giant specimen, reaching 40m skywards and a girth near to 9m. Sanral has pledged to assist in improvements in efforts to attract more tourists, with the construction of a secure public parking area that can accommodate up to 74 cars. The famed Tsitsikamma (a Khoi word meaning “place of abundant water”) Big Tree lies within the boundaries of the spectacular Garden Route National Park, on South Africa’s southern coast. The majestic tree is open to viewing all year around. Interested visitors can park their cars in the parking lot beside the N2 near the Paul Sauer bridge over the Storms River – often incorrectly called the Storms River bridge.The walk to the yellowwood is about 1km in total and takes about 10 minutes through lush indigenous bush. For the more advanced hiker there are two other trails starting from the same point, one of 2.6km and one of 4.2km.From the shadow of the Big Tree visitors can also gaze over the forest from a look-out deck, and the more energetic can wander down one of the trails that are accessible from this point.
The Mandela Museum
The Nelson Mandela Museum in Mthatha, situated in the Eastern Cape, is fast becoming a top tourist attraction in South Africa. The Nelson Mandela National Museum opened its doors on the 11th of February 2000 and the museum’s popularity continues to increase daily with thousands of South African and international tourists every year. The Mandela Museum is also considered one of South Africa's most significant heritage institutions.It's a rather out of the way place that nobody really knows about, yet it's a most fantastic museum once you're in there.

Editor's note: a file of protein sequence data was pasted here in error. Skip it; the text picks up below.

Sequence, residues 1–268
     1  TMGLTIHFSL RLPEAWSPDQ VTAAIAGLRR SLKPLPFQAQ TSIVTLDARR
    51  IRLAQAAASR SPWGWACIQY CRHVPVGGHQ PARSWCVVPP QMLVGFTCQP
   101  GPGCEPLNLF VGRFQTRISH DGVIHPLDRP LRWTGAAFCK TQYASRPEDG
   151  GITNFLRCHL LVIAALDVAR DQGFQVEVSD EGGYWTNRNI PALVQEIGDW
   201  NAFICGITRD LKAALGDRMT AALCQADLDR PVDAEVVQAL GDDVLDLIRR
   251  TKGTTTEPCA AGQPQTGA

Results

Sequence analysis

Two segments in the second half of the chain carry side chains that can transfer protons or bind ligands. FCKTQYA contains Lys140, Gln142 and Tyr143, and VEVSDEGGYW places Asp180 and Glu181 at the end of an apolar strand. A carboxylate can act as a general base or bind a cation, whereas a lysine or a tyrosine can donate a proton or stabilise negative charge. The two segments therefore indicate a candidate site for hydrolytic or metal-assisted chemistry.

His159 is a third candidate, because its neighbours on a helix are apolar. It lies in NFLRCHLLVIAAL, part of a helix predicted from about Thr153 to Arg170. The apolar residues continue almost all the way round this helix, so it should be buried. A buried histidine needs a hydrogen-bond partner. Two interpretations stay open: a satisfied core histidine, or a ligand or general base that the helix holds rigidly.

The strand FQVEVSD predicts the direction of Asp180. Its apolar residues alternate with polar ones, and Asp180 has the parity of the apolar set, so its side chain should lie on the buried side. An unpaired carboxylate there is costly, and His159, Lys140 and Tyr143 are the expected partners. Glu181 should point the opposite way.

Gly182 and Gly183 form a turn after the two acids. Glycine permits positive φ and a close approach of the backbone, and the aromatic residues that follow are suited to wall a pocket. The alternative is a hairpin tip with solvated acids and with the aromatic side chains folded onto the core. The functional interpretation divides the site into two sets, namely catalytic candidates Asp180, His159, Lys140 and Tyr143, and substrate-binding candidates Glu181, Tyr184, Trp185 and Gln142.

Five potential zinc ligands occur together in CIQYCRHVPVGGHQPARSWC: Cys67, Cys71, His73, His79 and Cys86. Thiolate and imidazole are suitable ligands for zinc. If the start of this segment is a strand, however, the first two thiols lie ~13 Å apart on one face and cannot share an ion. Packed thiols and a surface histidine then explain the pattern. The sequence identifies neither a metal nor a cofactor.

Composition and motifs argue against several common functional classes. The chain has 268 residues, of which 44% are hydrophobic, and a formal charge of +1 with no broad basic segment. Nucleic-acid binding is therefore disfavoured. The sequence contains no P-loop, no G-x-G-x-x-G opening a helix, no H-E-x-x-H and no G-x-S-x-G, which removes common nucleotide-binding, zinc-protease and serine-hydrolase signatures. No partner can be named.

The Big Hole – Kimberly
The province's capital, Kimberley, dates back to the early 1870s when diamonds were discovered between the Vaal and
Orange rivers. Dug in the rush frenzy, the 500m wide Big Hole is now the biggest attraction of the otherwise ordinary town. By 1914 when the mine closed, over 14,5 million carats of diamonds had been removed from the earth, from the hole which descends 800 metres into the earth.The Kimberley Mine Museum consists of the old diamond-rush town, with shops, bars, banks and churches.
Diamonds are still mined from two mines on the outskirts of the city, and tours underground are available.The Big Hole itself is an astonishing sight.Mined to a depth of 215 metres, and with a surface area of about 17 hectares and a perimeter of about 1,6 km, it is the largest hand-dug excavation in the world.On 14 August 1914 work on the mine was suspended.
By that time 22,5 million tons of earth had been excavated, yielding 2 722 kilograms of diamonds.
Robben Island Museum
From the 17th to the 20th centuries, Robben Island served as a place of banishment, isolation and imprisonment. Today it is a World Heritage Site and museum, a poignant reminder to South Africans of the price paid for freedom.
History of Robben Island
People lived on Robben Island many thousands of years ago, when the sea channel between the Island and the Cape mainland was not under water. Since the Dutch settled at the Cape in the mid-1600s, Robben Island was used primarily as a prison.Indigenous African leaders, Muslim leaders from the East Indies, Dutch and British soldiers and civilians, women, and anti-apartheid activists, including South Africa's first democratic President, Nelson Rolihlahla Mandela and the founding leader of the Pan Africanist Congress, Robert Mangaliso Sobukwe, were all imprisoned on the Island.